I can run a forfiles command with cmd /c, as expected

C:\>forfiles /c "cmd /c ping /a"
IP address must be specified.

However if I remove the cmd /c, it no longer recognizes any arguments, only the base command

C:\>forfiles /c "ping /a"
Usage: ping [-t] [-a] [-n count] [-l size] [-f] [-i TTL] [-v TOS]
            [-r count] [-s count] [[-j host-list] | [-k host-list]]
            [-w timeout] [-R] [-S srcaddr] [-4] [-6] target_name

Must I use cmd /c, even with external commands on the PATH?


This is the original answer. Please read below the line for a complete analysis of the problem and a better way to solve it

Place two spaces between the command and its arguments

forfiles /c "ping  /a"

edited While the posted solution works for the OP question, it is not a complete answer, as there are some cases where this option does not work.


I started to debug the forfiles argument parsing routines thinking the problem is in the way the command string is parsed and converted to generate the final running command.

No, it works without any problem

The cause of the problem is in the call to the CreateProcess API function and the way the C argument parser works and how the programmers usually handle the arguments.

forfiles calls the API as

CreateProcess('c:\windows\system32\ping.exe','/a', ....)

That is, the application name and the arguments to it. Nice and clean, but problematic, because the first argument to the application is /a

Where is the problem? In the first argument. The usual argument handling in almost any program assumes that the first argument to the program is the program itself (at least its name), that is, argv[0] is the program name.

But for it to behave that way, the call to CreateProcess from forfiles should be any of

CreateProcess('c:\windows\system32\ping.exe','ping.exe /a', ....)
CreateProcess(NULL, 'c:\windows\system32\ping.exe /a', .... )

As almost everyone programming in C (and in a lot more languages that follow the same convention) is expecting that argv[0] (arguments value table first position) will be the program name and argv[1] (arguments value table, second position) will be the first argument, and as this is not the case in forfiles started processes, the first argument will be ignored because the first real argument will be stored in argv[0], not argv[1]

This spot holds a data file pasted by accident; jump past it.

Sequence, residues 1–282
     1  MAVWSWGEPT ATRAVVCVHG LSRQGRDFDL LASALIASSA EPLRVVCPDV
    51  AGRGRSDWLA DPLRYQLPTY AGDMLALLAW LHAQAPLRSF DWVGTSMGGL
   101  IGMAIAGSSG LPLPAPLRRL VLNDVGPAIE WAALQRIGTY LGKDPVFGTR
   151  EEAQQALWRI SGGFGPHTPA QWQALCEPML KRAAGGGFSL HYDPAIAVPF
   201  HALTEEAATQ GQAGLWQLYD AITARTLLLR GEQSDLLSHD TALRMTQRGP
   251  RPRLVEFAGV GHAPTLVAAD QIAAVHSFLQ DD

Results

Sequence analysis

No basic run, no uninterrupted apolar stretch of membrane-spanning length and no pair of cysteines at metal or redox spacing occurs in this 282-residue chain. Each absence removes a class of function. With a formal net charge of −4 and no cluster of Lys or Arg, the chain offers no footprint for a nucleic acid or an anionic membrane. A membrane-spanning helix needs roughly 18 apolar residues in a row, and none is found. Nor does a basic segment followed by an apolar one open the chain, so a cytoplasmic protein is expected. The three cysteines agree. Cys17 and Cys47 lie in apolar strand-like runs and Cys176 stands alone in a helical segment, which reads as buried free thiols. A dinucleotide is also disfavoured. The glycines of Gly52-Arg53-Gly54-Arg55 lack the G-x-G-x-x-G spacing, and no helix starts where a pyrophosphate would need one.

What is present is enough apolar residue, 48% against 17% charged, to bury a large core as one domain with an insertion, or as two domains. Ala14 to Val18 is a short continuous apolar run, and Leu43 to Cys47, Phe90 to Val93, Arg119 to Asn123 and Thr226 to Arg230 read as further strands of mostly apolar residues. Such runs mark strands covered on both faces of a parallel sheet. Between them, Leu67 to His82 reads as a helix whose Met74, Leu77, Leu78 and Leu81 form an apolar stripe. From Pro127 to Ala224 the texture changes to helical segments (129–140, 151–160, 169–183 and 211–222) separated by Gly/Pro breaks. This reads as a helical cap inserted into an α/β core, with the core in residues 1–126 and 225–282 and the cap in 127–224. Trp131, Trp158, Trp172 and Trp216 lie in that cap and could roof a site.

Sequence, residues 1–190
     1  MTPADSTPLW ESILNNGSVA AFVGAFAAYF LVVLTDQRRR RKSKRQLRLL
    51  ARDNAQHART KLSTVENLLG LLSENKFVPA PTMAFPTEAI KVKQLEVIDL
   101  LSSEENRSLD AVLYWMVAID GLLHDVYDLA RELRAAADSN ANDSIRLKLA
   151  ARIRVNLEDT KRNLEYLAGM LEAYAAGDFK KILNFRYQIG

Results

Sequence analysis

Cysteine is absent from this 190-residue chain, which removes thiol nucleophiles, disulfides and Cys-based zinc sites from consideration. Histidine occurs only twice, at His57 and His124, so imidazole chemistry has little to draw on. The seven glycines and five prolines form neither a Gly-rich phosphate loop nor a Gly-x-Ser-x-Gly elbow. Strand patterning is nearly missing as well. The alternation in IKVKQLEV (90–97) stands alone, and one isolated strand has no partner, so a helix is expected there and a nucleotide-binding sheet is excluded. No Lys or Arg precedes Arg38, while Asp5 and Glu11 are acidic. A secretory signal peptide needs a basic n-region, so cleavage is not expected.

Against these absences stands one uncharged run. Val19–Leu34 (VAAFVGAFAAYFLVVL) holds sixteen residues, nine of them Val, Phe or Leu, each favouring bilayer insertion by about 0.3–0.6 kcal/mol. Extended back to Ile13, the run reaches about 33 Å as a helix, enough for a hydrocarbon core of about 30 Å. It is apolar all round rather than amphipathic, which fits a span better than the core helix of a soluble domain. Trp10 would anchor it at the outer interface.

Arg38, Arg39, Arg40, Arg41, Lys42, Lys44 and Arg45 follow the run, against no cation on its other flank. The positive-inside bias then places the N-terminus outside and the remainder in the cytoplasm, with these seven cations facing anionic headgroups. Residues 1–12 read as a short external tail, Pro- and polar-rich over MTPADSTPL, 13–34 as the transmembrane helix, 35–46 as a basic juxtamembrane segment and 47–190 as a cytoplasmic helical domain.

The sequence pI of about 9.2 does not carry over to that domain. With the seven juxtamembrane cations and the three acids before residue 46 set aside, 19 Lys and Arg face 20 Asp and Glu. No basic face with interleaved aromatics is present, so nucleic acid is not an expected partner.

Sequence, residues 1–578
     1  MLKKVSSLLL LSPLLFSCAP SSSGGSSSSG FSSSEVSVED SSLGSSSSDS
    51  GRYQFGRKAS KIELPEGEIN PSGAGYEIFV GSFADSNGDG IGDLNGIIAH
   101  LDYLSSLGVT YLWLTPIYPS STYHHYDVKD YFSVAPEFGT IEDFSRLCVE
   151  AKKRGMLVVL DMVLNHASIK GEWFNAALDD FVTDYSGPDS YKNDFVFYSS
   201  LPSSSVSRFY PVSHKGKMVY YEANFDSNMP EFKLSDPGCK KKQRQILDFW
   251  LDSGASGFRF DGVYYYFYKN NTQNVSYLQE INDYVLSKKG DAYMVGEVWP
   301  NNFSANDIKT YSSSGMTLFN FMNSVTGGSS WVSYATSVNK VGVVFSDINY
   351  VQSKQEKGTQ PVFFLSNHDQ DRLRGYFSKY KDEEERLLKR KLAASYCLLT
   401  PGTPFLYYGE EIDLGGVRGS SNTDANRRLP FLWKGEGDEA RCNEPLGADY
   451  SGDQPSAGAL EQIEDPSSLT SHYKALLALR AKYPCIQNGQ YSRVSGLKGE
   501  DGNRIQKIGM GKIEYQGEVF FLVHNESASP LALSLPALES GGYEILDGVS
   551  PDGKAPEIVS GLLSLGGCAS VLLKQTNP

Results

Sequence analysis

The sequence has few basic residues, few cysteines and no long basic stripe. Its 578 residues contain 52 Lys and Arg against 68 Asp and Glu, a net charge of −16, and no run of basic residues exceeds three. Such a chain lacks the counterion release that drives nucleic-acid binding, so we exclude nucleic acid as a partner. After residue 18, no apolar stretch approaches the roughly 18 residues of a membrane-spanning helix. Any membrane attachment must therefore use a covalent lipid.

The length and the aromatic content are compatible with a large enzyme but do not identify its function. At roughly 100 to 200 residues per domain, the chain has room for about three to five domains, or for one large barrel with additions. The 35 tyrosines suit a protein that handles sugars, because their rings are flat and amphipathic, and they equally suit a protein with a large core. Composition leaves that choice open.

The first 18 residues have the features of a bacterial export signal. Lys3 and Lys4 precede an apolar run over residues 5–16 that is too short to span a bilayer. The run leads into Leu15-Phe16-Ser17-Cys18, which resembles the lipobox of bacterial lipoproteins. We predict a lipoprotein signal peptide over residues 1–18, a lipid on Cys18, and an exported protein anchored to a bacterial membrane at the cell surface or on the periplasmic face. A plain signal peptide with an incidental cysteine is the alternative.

So, correct behaviour or failure will depend on the parser/lexer/tokenizer used by the called program.

  • Some of them will see the added space as an aditional argument that will be stored inside argv[0] (the standard tokenizer in mingw/gcc and VC behave this way).

  • Others will remove the spaces and take the first non blank data as argv[0] (the case of find)

  • Any other behaviour you can think can be adopted by the tokenizer.

And once the tokenizer has ended its work, the program will handle the arguments and select one of

  • Ignore the first argument as it is assummed the program name is in this position

  • Make no assumptions on what will be found in the command line and identify the argument.

So, the space solution is not a bulletproof solution (thank you dbenham)

How to solve it?

As the problem is the ausence of the program name in the command line argument, and the bad location of the following arguments, the best option seems to include it (well we can include anything to be used as argv[0], but as most programs expect the program name ...)

forfiles /c "ping ping -a"
forfiles /c "find find /c /v 0x220x22 @path"
  • That did it, thanks! Man that is dumb syntax – Steven Penny Nov 18 '14 at 8:58
  • 3
    +1.Is this a documented behaviour??? Never seen this issue before. – npocmaka Nov 18 '14 at 20:34
  • +1, Very interesting find. But it does not always work. See my answer. – dbenham Nov 18 '14 at 23:26
  • That was very weird solution o.O – John DOE Nov 18 '14 at 23:39
  • @StevenPenny, answer updated with the reason for the "dumb syntax". – MC ND Nov 19 '14 at 11:58

You can avoid CMD /C if and only if your are running a single external command. If you want to use an internal commmand, or if you want to use redirection, pipe, command concatenation, etc, then you must use CMD /C.

There is something wrong about the way FORFILES passes the arguments to the command. As MC ND has found, adding an extra space works with PING. But that does not seem to work with all external commands.

It works with PING, FINDSTR and HELP:

D:\>forfiles /m test.txt /c "ping  /a"

IP address must be specified.

D:\>forfiles /m test.txt /c "help  vol"

Displays the disk volume label and serial number, if they exist.

VOL [drive:]

D:\>forfiles /m test.txt /c "findstr  . @path"

line 1

But it fails for FIND - the /C (count) option is still missed:

D:\>forfiles /m test.txt /c "find  /c /v 0x220x22 @path"

---------- D:\TEST.TXT
line 1

A safer bet seems to be to add an extra single character argument with only one intervening space. But I have no idea if this works for all external commands.

D:\>forfiles /m test.txt /c "find x /c /v 0x220x22 @path"

---------- D:\TEST.TXT: 1

D:\>forfiles /m test.txt /c "ping x /a"

IP address must be specified.

D:\>forfiles /m test.txt /c "help x vol"

Displays the disk volume label and serial number, if they exist.

VOL [drive:]

D:\>forfiles /m test.txt /c "findstr x . @path"

line 1
  • +1, Nice, i was not aware of it. I've debugged forfiles and included in my answer why it behaves that way. – MC ND Nov 19 '14 at 11:30

Your Answer

By clicking "Post Your Answer", you agree to our terms of service, privacy policy and cookie policy

Not the answer you're looking for? Browse other questions tagged or ask your own question.